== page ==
Pandas series are one dimensional arrays (a list). An example one dimensional array is below:
In the below, we look at how to interact with the series. First, selecting values from a specific index and then creating our own index to replace the usual zero to n-1.
Select values from the series
Here is another quick example of selecting values using both the default index and the custom index.
Searching for an index in the series
We can check if certain index values exist in our series:
Create a series from a dictionary
We can also create a series directly from a dictionary:
In the above, the index keys will be in the same order as the dictionary. If we want to change the order, we can pass this in:
We can check for null values in our series, using the below:
The series automatically aligns index labels for arithmetic functions (similar to a join in SQL):
We can name our series too:
Dataframes are two dimensional arrays. Here is an example of a 2D array:
|Manufacturer||Total Sales||Total Profit|
Setting up a dataframe
We can declare 2D arrays using the below structure & then convert that to a dataframe, using the pd.DataFrame() function.
We can inspect our newly created dataframe, seeing only the top x rows.
Or we can use the tail function to inspect only the bottom x rows.
In the below example, I’m selecting only certain columns from my dataframe:
We may want to re-order some columns for easier reading. We can do that using the below:
We may wish to transpose our dataframe (swap the rows and columns around). We can do that as below:
We can also inspect our dataframe using the below function:
Create dataframe from a file
We can create a dataframe from a file, as below. In this script, we define the delimiter as being a comma and infer the header from the file.
We can retrieve a specific field from the dataframe, like below:
Or we could do the same with the below notation:
We can select a specific row like this – this assumes we know the index number of that row:
Select WHERE condition
We can start interacting with our dataframes with more logic. In the below example, we’re selecting only those records where total profit is = 400,000.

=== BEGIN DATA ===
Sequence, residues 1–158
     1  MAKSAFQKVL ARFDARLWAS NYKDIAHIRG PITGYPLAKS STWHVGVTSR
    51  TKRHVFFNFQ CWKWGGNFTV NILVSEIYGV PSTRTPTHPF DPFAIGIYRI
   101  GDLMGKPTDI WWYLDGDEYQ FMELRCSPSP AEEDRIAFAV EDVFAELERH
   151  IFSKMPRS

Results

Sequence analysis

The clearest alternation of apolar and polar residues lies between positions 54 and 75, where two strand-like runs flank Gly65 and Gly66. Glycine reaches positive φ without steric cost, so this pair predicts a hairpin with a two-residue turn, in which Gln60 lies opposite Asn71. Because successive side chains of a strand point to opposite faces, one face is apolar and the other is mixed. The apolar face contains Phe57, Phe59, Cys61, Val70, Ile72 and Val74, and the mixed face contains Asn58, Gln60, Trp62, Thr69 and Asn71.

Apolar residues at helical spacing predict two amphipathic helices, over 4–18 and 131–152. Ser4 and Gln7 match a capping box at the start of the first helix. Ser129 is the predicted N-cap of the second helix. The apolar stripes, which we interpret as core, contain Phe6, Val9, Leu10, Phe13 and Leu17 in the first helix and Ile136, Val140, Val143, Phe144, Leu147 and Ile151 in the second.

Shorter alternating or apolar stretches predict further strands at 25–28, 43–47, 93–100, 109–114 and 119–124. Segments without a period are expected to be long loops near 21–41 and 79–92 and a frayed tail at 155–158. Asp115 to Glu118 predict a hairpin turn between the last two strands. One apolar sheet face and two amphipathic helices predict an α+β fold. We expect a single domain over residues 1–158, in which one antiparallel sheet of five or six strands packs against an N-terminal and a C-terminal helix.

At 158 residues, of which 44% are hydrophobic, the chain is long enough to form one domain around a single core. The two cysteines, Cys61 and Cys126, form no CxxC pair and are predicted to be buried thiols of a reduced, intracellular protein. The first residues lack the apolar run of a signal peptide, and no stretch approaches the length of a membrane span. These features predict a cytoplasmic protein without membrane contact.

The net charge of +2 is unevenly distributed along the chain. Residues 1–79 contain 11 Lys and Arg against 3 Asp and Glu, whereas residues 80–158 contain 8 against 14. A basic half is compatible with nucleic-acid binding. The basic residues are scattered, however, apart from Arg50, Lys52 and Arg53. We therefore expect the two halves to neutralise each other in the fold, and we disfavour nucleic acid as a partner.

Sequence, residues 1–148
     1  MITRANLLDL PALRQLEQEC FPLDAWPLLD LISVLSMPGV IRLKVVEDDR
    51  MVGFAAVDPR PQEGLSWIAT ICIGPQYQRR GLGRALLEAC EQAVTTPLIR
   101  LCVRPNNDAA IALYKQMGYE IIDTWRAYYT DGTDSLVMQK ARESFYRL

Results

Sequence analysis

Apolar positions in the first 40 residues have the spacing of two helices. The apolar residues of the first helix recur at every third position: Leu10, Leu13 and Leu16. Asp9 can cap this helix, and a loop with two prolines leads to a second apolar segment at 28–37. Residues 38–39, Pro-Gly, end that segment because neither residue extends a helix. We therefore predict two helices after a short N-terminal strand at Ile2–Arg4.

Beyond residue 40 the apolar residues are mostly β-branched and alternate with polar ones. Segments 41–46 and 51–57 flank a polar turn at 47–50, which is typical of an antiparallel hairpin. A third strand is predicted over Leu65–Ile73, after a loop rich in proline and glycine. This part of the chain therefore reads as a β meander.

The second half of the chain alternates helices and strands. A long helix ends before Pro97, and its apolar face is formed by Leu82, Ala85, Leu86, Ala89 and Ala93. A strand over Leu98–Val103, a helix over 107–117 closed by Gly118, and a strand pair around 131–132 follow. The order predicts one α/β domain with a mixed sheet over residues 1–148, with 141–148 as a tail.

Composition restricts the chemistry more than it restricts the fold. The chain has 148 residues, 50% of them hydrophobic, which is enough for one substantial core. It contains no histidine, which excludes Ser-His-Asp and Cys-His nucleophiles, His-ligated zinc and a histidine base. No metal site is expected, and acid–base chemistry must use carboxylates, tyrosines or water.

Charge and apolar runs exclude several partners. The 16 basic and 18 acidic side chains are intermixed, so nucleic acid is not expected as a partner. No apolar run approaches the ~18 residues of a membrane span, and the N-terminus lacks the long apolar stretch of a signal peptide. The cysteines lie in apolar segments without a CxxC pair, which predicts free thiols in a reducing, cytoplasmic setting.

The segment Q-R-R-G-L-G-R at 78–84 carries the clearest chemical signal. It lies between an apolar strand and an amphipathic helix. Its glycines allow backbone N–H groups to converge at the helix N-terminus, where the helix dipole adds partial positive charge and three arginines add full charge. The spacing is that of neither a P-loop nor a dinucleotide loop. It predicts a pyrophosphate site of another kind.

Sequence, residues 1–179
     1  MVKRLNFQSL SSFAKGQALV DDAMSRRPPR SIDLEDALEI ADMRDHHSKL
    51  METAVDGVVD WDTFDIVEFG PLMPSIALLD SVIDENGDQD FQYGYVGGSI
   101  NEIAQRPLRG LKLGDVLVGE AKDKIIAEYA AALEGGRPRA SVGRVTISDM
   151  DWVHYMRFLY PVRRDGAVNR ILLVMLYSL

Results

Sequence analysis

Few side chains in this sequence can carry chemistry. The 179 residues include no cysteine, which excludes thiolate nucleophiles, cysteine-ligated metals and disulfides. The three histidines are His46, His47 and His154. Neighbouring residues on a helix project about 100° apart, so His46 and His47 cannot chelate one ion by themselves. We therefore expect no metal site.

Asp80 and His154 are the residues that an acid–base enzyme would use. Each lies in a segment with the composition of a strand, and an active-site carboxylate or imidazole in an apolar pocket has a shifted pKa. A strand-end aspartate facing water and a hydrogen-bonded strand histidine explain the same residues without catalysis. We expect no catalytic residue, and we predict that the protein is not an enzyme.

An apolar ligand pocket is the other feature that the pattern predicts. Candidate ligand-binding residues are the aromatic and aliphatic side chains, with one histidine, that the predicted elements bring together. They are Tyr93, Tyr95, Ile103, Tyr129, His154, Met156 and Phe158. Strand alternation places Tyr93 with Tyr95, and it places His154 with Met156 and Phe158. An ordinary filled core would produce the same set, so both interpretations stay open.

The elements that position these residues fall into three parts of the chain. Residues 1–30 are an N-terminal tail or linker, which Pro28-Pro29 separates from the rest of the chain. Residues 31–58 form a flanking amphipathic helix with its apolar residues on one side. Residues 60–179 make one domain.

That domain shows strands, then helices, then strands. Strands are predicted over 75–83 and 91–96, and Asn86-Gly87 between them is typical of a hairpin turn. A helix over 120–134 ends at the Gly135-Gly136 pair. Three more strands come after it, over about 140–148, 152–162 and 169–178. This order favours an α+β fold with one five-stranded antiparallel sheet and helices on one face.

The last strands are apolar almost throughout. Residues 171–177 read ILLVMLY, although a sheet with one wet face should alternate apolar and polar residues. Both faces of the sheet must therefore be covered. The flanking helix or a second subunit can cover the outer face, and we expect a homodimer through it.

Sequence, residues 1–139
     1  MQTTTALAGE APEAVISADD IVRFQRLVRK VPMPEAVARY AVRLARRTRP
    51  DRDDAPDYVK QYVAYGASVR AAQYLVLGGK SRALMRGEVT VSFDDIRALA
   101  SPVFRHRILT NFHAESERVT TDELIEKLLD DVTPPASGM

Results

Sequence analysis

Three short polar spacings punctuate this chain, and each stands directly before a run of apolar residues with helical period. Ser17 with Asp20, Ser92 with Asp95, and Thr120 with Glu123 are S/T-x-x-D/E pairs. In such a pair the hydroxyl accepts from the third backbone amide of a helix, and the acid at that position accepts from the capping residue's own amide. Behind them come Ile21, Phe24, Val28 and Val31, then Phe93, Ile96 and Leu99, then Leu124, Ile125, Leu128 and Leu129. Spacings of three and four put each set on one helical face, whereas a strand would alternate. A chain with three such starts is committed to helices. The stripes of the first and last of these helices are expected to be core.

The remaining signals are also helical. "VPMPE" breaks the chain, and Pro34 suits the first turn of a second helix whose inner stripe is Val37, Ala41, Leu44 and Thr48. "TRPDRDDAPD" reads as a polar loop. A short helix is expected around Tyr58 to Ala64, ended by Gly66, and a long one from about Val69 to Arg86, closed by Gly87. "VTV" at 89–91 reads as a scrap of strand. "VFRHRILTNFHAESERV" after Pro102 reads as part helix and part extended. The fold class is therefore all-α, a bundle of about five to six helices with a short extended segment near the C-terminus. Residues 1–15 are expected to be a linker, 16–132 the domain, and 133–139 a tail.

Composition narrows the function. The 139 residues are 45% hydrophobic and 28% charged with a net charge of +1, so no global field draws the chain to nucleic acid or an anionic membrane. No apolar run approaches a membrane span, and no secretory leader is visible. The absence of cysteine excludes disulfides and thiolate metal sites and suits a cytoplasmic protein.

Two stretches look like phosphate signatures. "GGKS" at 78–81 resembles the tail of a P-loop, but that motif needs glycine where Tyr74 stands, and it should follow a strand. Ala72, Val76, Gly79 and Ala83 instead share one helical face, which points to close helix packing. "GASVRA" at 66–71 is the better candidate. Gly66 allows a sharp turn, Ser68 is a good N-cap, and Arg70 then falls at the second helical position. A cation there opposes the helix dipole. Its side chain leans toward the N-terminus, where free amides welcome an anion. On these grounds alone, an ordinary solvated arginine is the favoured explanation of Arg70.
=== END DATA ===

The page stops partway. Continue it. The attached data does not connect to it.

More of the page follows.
Using the below, we select only those entries that are ‘male’
And in the below, we use the equivalent of an SQL %LIKE% operator & select all email addresses that include ‘oracle’.
We can add multiple where conditions, as below. Here, we’re looking for all records where gender is Female and the ID is greater than 5.
And this example does the same as above, but is OR rather than AND. Or is depicted by the pipe.
We can select all data where the value is not null, as below:
We can sum a particular column within a dataframe using the below script:
We can also complete an SQL style sum & groupby clause, as below:
We can group by multiple columns, should we need to:
We can also sum and group by multiple columns, as shown below:
The below is the equivalent to count(*) in SQL. However, it counts only where the value is not null.
We can now calculate the mean, min or max of specific columns using numpy, as below:
Join & Union Dataframes
In the below, we join two dataframes (I duplicated the dataframe to make this simple). The syntax is:
df1.join(Dataframe_To_Join, field_to_join_on, Type_of_join, left_table_suffix, right_table_suffix). You can see that the suffix has been added to the end of every field name.
We may also need to stitch two dataframes together (or create a union), we can do that using the concat function, as below: